What the Hell

What the Hell

Tuesday, June 25, 2013

The Dark Side of Success

Just watched a very interesting documentary on Henry Ford tonight.  What a visionary he was.  But while he achieved tremendous success far beyond what most people could ever even dream of, it seems that he still wasn't happy.  The program talked about how absolutely driven he was his entire life, to the point that he alienated many people who worked with him or for him.  He expected others to meet his high standards, and had no mercy when they did not.  

The saddest thing about his life would have to be his relationship with his son Edsel, his only child.  Of course Henry's high expectations were thrust upon his son, and there was absolutely no room for Edsel to be his own person.  In every way that he tried, he was always thwarted by his powerful father.  The story was told about one time when they were building the new plant, Edsel had the idea of having a separate building built for offices, and went ahead and okayed the excavation for the foundation.  Then his father found out and said "No, we will not do that."  The son asked what about the huge hole they have already dug, and Henry said "Leave it."  So every day Edsel had to walk past that enormous hole in the ground and be reminded of his failed attempt to defy his father.  So did everyone else who worked for Henry.  Wow.  

When the Ford Motor Company was the last holdout in the American auto industry against unionizing, even amidst violent uprisings and protests which were equally violently squashed, Edsel tried to reason with his father that negotiation with the unions would be unavoidable.  Henry still refused to give in.  Ever the controlling leader, he saw workers who wanted to unionize as lazy leeches who wanted to capitalize on his own hard work, just as he had seen investors when other company leaders had wanted to go public with company stock years earlier.  When Ford workers were seen talking to anyone thought to be associated with the union,  they were beaten and then fired.  Finally Edsel, on his own, without his father's knowledge, negotiated a contract with the Auto Worker's Union, then presented it to Henry, who held out for days, then finally agreed to sign it.  Not too long after that incident, Edsel became ill.  He had suffered with bleeding ulcers for years, and who would not have, living life knowing whatever you did it would never being good enough?  It had now progressed to stomach cancer, which he kept from Henry as long as he could, but as he was dying, his wife told her father-in-law.  Somehow deep down the elder Ford must have known that blame for his son's early death at age 49 was at mostly his.  The narrator remarked how Ford never recovered from losing his son.  When he asked his closest confidante, the man he considered to be the son he had always wanted, if he had treated Edsel cruelly, the man said, "I would not say cruelly, but I would say unfairly.  I would have been angry had you treated me like that."  To which Henry replied, "that's what I wanted, for him to get angry."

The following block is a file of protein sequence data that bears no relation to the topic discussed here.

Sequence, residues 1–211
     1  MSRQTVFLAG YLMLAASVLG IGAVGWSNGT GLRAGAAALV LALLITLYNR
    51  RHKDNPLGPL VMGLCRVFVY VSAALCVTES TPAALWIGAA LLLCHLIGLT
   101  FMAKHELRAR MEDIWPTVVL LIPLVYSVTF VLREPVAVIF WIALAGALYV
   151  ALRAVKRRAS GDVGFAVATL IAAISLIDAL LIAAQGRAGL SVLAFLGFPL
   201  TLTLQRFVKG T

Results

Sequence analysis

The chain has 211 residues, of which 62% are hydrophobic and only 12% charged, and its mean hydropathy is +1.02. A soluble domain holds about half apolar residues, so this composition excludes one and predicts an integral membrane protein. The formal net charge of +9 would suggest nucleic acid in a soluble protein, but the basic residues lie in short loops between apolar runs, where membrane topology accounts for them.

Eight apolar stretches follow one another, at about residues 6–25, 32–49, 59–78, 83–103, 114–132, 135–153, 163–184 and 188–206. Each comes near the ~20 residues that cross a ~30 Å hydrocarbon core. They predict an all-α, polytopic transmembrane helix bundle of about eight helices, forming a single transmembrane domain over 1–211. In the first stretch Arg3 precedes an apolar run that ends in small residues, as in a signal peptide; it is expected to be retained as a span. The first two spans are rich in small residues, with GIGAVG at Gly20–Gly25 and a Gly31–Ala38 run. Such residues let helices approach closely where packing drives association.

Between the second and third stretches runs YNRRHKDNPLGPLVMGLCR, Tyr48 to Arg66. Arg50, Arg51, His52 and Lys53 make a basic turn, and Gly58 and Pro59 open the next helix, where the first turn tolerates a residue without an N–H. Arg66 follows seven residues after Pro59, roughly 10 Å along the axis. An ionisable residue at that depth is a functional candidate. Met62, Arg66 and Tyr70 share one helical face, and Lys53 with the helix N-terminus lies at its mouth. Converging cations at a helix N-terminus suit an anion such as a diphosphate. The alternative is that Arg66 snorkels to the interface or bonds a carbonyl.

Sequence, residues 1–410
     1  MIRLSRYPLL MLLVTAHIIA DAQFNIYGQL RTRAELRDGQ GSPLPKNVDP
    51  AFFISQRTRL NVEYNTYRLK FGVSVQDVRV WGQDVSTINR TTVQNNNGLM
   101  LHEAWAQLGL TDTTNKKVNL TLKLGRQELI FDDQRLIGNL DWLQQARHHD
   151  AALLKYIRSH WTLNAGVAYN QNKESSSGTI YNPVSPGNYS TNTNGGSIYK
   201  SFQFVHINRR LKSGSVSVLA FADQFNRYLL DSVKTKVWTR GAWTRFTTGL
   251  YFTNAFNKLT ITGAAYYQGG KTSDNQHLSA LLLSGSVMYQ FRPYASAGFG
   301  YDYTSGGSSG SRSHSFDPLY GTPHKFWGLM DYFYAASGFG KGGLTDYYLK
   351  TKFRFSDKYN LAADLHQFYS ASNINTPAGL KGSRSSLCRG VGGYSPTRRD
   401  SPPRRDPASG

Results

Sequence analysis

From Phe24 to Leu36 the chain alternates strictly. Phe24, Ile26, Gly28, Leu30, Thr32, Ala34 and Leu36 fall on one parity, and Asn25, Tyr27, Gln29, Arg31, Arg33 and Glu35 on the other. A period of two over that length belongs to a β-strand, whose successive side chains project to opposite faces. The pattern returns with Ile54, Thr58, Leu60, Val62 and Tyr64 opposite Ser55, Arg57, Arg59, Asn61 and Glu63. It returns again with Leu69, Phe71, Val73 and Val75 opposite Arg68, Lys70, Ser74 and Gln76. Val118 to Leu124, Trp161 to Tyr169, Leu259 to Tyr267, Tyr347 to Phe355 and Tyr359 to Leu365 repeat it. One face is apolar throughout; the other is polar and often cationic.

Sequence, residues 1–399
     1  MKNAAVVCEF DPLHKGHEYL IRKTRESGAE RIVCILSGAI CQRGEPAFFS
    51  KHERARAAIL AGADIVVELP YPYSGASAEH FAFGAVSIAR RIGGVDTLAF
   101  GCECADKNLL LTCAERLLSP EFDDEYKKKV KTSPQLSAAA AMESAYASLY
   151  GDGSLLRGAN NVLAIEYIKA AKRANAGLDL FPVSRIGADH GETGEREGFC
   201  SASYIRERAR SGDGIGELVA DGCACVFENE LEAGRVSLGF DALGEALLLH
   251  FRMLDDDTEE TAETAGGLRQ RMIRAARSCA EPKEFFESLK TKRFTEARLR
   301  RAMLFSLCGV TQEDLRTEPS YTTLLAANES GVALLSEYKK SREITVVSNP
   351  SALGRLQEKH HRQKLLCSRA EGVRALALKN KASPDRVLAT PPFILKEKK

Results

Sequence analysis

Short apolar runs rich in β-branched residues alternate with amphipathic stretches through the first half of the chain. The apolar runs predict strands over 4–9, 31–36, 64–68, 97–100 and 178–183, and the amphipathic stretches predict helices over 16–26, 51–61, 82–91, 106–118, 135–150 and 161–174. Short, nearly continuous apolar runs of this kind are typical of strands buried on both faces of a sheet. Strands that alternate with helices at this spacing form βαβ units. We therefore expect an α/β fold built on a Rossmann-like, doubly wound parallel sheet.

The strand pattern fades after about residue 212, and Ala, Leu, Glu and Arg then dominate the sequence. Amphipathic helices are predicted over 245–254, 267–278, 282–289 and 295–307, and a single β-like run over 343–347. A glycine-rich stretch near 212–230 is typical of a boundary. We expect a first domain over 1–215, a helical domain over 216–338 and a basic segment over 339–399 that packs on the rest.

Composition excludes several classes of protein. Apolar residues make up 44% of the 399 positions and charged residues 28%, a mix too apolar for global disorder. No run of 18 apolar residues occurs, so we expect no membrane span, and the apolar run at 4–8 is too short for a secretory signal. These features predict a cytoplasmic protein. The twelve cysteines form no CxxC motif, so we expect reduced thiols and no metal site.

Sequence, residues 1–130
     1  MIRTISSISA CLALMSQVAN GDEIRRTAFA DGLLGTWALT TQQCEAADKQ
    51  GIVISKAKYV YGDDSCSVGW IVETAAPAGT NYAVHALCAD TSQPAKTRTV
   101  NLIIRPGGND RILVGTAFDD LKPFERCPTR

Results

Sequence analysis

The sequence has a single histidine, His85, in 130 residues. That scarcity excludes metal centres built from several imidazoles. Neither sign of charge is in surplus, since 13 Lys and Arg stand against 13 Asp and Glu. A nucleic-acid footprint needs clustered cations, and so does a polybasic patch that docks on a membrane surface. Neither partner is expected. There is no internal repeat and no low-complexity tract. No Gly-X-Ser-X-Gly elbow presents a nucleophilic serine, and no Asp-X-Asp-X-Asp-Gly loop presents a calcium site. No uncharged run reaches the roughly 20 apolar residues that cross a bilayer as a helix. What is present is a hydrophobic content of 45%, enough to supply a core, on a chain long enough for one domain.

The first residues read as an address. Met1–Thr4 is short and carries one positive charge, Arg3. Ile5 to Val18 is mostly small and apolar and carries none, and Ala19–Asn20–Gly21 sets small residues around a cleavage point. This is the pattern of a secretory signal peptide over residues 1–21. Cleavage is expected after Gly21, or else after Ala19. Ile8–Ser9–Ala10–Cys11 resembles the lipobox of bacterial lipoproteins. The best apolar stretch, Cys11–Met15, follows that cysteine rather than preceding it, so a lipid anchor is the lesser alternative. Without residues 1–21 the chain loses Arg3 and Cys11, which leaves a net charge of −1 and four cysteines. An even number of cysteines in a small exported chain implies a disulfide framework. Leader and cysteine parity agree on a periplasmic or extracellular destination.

The other fascinating thing about Henry Ford was his other great legacy Greenfield Village, a historic museum in Michigan that he founded and built in 1929, and which is today the largest indoor-outdoor American history museum.  As a historian, I had known about this historic site for years, but I never really knew the story behind it.  Henry Ford grew up a  farmer.  As a matter of fact his father had expected him to take over the family farm, but he had refused to do so, first going to work as an engineer for Edison, then after meeting Thomas Edison and receiving encouragement from him to continue with his designs,  making the first automobile for the masses, and as they say, the rest was history.  

Yet, it seems he had regrets.  Even after his auto company became hugely successful he lived out in the country and worked his land himself.  He held only disdain for the massively growing,  sprawling city that his own ambitions had created.  The thousands of teeming masses needed to fuel the factory existed due to his own actions, yet he hated being around them,  and retreated daily to his own private peaceful oasis to wish for a simpler time.  It seems likely then that he created Greenfield, actually a "fake" historic town, by hauling in historic buildings from other places in a sad attempt to recreate that simpler time, and try out the path he had chosen not to take as a young man.  The famous Wright Brothers bicycle shop, Thomas Edison's lab, and Daniel Webster's house were three of the historic structures that he brought in to create his town.  He even had an old one-room schoolhouse restored and placed on the property, and selected children to actually be schooled there.  Reproductions of antiques were placed in the buildings, including the recreation of a set of his own mother's china which was placed inside the home in which he was born, assuring his own place among the other notable historical figures celebrated there.  Yet as much as he wanted to be remembered for his far-reaching vision, it was as if he had, through the actions of his life, also put into motion a process he wished that he could stop, but because he could not, he tried to recreate what existed before.  He said himself of his museum, "I am collecting the history of our people as written into things their hands made and used.... When we are through, we shall have reproduced American life as lived, and that, I think, is the best way of preserving at least a part of our history and tradition..."   How sad. 

1 comment:

  1. Hi Sherri, I have read your blog and... I hope you dance!



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